By TONY WHITE
IN excruciating pain and unable to move, Grafton Redmen rugby union halfback Brett Graham lay motionless on the turf at Quays Reserve, Ballina, on Saturday after a controversial tackle.
The force of the impact resulted in Brett's head buckling, his chin snapping into his chest.
A four-and-a-half hour nightmare ensued.
Neck and spinal injuries are a footballer's worst nightmare, often leading to permanent disability.
In those long hours, Brett's future hung in the balance.
Immediately after the tackle by a Ballina forward late in the game, the 28-year-old timber worker knew there was a problem.
"I didn't hear anything, I just felt pain, real sharp pain," he recalled yesterday.
"I wasn't knocked out or anything but as soon as I hit the ground I had sharp pain in my neck and spine between my shoulder blades.
"I was running the ball in and I got tackled. The bloke grabbed me around the waist and picked me up.
"My head hit the ground first and my neck rolled into my chest.
"I knew straight away I was in trouble."
Play continued for a short period with Brett prone at the site of the tackle.
"I was flat on my back and they realised I wasn't getting up," he said.
"I didn't really know what had happened but I was in a lot of pain. I wasn't moving and I knew something was very wrong."
One Ballina player rushed to Brett's aid.
"He asked me 'are you alright', and I just said 'no, I'm not'.
"Then I remember our trainer came across. Things got a bit hazy after that."
Brett, or Barney as he is commonly known, remembers medical staff telling him 'this is serious'.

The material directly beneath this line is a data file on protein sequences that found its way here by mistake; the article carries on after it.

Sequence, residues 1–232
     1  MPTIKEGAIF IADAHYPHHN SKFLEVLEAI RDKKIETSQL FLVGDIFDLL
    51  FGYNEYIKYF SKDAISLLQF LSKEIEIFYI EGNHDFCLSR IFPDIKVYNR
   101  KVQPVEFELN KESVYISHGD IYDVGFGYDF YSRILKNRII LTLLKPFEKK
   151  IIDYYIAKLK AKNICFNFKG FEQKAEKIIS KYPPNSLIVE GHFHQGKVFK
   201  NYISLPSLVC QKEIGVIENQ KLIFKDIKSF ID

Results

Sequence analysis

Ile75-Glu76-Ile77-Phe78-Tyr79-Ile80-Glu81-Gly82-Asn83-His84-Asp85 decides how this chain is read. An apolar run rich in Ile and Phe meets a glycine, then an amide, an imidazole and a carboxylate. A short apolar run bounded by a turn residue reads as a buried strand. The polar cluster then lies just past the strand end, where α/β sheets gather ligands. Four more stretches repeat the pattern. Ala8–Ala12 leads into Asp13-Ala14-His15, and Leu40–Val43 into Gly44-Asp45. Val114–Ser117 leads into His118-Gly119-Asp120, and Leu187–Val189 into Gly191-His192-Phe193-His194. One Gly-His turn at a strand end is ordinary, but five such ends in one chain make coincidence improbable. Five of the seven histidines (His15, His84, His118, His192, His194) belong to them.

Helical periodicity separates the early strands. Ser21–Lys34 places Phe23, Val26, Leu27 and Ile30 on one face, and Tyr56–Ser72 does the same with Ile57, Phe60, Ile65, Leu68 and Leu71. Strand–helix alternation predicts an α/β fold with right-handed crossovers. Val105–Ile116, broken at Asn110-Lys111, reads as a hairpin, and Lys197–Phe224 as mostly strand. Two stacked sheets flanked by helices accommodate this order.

"They said 'don't move' and they told me an ambulance was called," Brett said.
When ambulance staff arrived an evaluation was made and it was decided Brett would be taken to Lismore Base Hospital by the Northern Region Westpac Lifesaver Rescue Helicopter.
During his treatment, Brett's mind wandered. The 'what ifs' started to plague his thoughts.
"It was pretty scary stuff, daunting really. I had feeling in my hands and feet but my neck was bad. I didn't know what to think," he said.
"Believe me I had no intentions of moving. I couldn't."
Brett was carefully placed on a spinal board and air-lifted to hospital.
"They (medical staff) took every precaution possible," Grafton coach Gary Powell said.
"All the players were very concerned.
"Those (neck) injuries are always dicey."
The game was called off after Brett was taken to hospital.
"The paramedics in the 'copter were brilliant," Brett said.
After an examination, doctors at Lismore Base Hospital took x-rays of the injury.
"Nothing showed up on the x-ray so they decided to take a cat scan," Brett said.
"All I wanted to know was what was wrong. It was around 9pm that the cat scan showed up a fracture."
The tackle had in fact fractured Brett's T2 vertebrae.
Fortunately, the injury should heal with time and complete rest.
The news was a huge relief for Brett and his family.
"Basically I've got to bed rest for a minimum of six weeks," he said.
"I'm not allowed to do anything, bugger all.
"It's a huge relief, I'm very relieved nothing is broken. It could have been a lot worse. I've been lucky."
Brett was released from hospital at 5pm on Sunday. He is now recuperating at his Eatonsville home. Work, however, is off the immediate agenda.
"I rang my boss at Greensill Brothers and he was really understanding," Brett said.
"I have to go back to the doctors in two weeks to check how the neck is healing.
"I'd love to play football again but we'll just have to see what happens."
Brett did not want to comment on the tackle that led to his injury, but Powell said the club was 'bitterly disappointed' no action was taken by match officials.
"We (Redmen players) all saw it but the referee and touch judges didn't think there was anything in it," Mr Powell said.
"At the end of the day the (Ballina) bloke concerned apologised and said it wasn't intentional.
"I've put in a report to the referees saying we're unhappy but unless Brett wants to push it, especially with no video of the game, that's the end of it.
"We're all just glad Brett will be all right."